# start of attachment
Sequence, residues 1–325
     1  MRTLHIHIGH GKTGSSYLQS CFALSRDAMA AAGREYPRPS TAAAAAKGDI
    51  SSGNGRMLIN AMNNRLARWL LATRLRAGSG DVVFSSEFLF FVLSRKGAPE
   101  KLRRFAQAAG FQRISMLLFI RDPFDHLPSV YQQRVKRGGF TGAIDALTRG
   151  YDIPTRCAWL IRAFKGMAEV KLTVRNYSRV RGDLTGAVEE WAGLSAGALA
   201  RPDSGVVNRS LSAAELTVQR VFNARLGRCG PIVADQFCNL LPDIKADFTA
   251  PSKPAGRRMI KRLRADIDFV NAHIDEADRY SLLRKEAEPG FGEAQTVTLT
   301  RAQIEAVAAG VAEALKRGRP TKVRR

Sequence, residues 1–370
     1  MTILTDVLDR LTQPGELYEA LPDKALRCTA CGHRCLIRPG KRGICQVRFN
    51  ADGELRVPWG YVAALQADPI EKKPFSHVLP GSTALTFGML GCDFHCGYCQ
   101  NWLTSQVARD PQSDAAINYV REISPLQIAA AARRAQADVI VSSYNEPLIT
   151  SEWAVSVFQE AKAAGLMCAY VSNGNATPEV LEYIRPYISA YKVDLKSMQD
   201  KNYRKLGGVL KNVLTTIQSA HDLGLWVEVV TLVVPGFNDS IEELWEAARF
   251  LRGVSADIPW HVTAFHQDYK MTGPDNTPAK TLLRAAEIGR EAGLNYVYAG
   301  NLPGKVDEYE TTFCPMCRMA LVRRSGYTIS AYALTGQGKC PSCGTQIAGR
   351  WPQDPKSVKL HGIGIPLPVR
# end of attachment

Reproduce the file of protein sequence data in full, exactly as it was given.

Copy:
Sequence, residues 1–325
     1  MRTLHIHIGH GKTGSSYLQS CFALSRDAMA AAGREYPRPS TAAAAAKGDI
    51  SSGNGRMLIN AMNNRLARWL LATRLRAGSG DVVFSSEFLF FVLSRKGAPE
   101  KLRRFAQAAG FQRISMLLFI RDPFDHLPSV YQQRVKRGGF TGAIDALTRG
   151  YDIPTRCAWL IRAFKGMAEV KLTVRNYSRV RGDLTGAVEE WAGLSAGALA
   201  RPDSGVVNRS LSAAELTVQR VFNARLGRCG PIVADQFCNL LPDIKADFTA
   251  PSKPAGRRMI KRLRADIDFV NAHIDEADRY SLLRKEAEPG FGEAQTVTLT
   301  RAQIEAVAAG VAEALKRGRP TKVRR

Sequence, residues 1–370
     1  MTILTDVLDR LTQPGELYEA LPDKALRCTA CGHRCLIRPG KRGICQVRFN
    51  ADGELRVPWG YVAALQADPI EKKPFSHVLP GSTALTFGML GCDFHCGYCQ
   101  NWLTSQVARD PQSDAAINYV REISPLQIAA AARRAQADVI VSSYNEPLIT
   151  SEWAVSVFQE AKAAGLMCAY VSNGNATPEV LEYIRPYISA YKVDLKSMQD
   201  KNYRKLGGVL KNVLTTIQSA HDLGLWVEVV TLVVPGFNDS IEELWEAARF
   251  LRGVSADIPW HVTAFHQDYK MTGPDNTPAK TLLRAAEIGR EAGLNYVYAG
   301  NLPGKVDEYE TTFCPMCRMA LVRRSGYTIS AYALTGQGKC PSCGTQIAGR
   351  WPQDPKSVKL HGIGIPLPVR